- If d = 0 (that is if is a nonzero constant) then Similarly, if e = 0, then
- The preceding properties characterize the resultant. In other words, the resultant is the unique function of the coefficients of polynomials that has these properties.
- The resultant of two polynomials with coefficients in an integral domain is zero if and only if they have a common divisor of positive degree.
- The resultant of two polynomials with coefficients in an integral domain is zero if and only if they have a common root in an algebraically closed field containing the coefficients.
- There exist a polynomial P of degree less than e and a polynomial Q of degree less than d such that This is a generalization of Bézout's identity to polynomials over an arbitrary commutative ring. In other words, the resultant of two polynomials belongs to the ideal generated by these polynomials.
Invariance by ring homomorphisms
Let A and B be two polynomials of respective degrees d and e with coefficients in a commutative ring R, and a ring homomorphism of R into another commutative ring S. Applying to the coefficients of a polynomial extends to a homomorphism of polynomial rings , which is also denoted With this notation, we have:
- If preserve the degrees of A and B (that is if and then
- If and then
- If and and the leading coefficient of A is then
- If and and the leading coefficient of B is then
These properties are easily deduced from the definition of the resultant as a determinant. They are mainly used in two situations. For computing a resultant of polynomials with integer coefficients, it is generally faster to compute it modulo several primes and to retrieve the desired resultant with Chinese remainder theorem. When R is a polynomial ring in other indeterminates, and S is the ring obtained by specializing to numerical values some or all indeterminates of R, these properties may be restated as if the degrees are preserved by the specialization, the resultant of the specialization of two polynomials is the specialization of the resultant. This property is fundamental, for example, for cylindrical algebraic decomposition.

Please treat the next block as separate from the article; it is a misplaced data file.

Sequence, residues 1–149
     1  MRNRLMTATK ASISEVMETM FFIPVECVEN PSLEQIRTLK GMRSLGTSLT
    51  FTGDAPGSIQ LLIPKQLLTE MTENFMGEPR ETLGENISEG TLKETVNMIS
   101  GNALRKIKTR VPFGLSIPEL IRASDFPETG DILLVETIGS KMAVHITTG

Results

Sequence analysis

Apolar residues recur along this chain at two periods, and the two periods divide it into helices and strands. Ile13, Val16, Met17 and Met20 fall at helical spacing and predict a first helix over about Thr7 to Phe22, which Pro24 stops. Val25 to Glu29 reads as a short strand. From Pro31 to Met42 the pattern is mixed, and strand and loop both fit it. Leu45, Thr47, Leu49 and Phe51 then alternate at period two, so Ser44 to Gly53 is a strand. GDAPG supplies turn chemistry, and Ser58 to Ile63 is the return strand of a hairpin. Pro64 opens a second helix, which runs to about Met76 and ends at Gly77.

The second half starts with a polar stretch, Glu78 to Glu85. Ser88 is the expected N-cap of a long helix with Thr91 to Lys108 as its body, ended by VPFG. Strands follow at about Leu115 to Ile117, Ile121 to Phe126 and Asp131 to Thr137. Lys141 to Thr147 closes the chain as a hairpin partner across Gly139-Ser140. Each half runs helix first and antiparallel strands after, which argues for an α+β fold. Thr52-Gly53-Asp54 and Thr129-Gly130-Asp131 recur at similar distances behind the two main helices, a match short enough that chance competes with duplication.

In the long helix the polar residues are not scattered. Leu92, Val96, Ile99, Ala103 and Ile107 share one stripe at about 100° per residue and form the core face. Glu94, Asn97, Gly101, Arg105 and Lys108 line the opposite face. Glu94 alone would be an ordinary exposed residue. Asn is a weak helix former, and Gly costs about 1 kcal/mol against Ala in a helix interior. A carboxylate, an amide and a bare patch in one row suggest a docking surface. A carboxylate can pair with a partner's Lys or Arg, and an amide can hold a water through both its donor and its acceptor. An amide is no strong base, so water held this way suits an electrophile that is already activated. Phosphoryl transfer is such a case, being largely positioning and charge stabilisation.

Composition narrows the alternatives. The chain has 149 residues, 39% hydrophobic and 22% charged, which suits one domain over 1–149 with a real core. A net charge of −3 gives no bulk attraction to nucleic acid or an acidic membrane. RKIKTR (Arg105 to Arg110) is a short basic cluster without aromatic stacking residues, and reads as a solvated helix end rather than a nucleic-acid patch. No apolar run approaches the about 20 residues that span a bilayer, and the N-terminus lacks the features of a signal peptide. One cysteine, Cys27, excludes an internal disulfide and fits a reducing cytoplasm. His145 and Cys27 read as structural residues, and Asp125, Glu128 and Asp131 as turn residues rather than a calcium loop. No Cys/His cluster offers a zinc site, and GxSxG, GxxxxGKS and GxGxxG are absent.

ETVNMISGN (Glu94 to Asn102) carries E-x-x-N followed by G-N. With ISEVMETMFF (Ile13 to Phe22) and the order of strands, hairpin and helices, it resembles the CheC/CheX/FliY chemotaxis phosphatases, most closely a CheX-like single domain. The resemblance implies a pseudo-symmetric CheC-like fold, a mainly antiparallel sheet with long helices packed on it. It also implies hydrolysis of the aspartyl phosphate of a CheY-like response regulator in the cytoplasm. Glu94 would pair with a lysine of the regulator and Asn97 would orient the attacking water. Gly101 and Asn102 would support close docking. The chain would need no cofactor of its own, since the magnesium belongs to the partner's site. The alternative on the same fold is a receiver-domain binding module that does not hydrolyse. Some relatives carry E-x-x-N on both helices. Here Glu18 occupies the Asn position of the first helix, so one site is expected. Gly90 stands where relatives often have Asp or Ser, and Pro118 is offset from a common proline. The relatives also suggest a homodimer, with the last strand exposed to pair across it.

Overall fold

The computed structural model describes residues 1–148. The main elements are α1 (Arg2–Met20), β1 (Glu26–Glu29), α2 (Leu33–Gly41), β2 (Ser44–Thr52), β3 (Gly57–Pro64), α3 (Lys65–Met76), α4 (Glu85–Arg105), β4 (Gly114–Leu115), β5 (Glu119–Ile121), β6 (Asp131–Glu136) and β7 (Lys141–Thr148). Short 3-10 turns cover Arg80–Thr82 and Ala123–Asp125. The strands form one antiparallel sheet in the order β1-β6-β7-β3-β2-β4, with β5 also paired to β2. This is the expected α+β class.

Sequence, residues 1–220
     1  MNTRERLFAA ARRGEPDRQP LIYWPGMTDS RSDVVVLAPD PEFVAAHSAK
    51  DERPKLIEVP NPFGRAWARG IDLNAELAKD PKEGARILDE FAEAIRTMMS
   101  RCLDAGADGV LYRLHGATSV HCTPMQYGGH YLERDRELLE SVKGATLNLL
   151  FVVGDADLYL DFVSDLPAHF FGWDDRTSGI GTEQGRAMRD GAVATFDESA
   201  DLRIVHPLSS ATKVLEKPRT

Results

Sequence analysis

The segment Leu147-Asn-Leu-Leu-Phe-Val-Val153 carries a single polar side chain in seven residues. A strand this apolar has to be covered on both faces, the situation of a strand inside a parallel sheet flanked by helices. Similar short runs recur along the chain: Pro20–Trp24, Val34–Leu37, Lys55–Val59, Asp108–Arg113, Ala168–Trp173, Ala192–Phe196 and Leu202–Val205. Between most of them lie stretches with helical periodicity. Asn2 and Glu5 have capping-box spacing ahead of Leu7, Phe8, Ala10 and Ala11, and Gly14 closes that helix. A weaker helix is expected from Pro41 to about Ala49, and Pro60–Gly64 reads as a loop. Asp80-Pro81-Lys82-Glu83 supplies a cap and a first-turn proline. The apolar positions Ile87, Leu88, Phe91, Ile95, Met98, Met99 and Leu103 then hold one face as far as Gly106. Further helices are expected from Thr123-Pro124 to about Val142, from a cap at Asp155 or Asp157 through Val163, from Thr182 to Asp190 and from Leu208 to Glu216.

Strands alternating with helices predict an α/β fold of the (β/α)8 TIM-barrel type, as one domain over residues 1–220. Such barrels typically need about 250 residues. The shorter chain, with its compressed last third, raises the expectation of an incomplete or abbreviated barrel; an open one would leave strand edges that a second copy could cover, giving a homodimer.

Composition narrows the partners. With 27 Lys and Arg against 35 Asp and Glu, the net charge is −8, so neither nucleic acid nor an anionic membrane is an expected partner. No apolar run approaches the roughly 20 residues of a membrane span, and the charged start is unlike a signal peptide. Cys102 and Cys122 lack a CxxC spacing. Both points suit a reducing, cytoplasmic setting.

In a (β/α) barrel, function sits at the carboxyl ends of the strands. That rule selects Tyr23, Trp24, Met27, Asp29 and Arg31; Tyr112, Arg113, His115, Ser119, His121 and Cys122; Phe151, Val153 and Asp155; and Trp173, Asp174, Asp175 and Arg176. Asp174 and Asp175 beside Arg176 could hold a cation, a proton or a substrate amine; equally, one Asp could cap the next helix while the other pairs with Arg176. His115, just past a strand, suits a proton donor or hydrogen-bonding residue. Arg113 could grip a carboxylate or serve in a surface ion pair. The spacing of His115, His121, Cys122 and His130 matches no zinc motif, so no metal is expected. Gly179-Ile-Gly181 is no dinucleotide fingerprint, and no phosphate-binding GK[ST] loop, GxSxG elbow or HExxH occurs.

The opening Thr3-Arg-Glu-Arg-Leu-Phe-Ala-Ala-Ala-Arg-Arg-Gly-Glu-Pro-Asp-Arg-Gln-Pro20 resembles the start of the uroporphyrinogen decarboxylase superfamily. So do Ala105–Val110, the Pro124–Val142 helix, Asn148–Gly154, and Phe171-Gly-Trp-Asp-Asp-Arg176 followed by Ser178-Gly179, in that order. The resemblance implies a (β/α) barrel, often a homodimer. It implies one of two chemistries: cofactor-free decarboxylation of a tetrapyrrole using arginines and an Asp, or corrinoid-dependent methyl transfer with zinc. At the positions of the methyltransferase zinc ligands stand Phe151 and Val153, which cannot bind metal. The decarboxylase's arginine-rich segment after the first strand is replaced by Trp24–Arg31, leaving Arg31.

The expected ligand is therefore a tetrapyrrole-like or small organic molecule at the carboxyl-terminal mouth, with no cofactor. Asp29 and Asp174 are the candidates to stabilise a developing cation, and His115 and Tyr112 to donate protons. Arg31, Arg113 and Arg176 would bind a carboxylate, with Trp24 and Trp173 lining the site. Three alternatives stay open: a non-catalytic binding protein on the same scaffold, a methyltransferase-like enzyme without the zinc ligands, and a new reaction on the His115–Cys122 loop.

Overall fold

Invariance under change of variable
- If and are the reciprocal polynomials of A and B, respectively, then
This means that the property of the resultant being zero is invariant under linear and projective changes of the variable
Invariance under change of polynomials
- If a and b are nonzero constants (that is they are independent of the indeterminate x), and A and B are as above, then
- If if a is a constant and is the leading coefficient of B, and if C is a polynomial of degree at most then
These properties imply that in Euclidean algorithm for polynomials, the resultant of two successive remainders differs from the resultant of the initial polynomials by a factor, which is easy to compute. Moreover, the constant a in above second formula may be chosen in order that the successive remainders have their coefficients in the ring of coefficients of input polynomials. This is the starting idea of the subresultant-pseudo-remainder-sequence algorithm for computing the greatest common divisor and the resultant of two polynomials. This algorithms works for polynomials over the integers or, more generally, over an integral domain, without any other division than exact divisions (that is without involving fractions). It involves arithmetic operations, while the computation of the determinant of the Sylvester matrix with standard algorithms require arithmetic operations.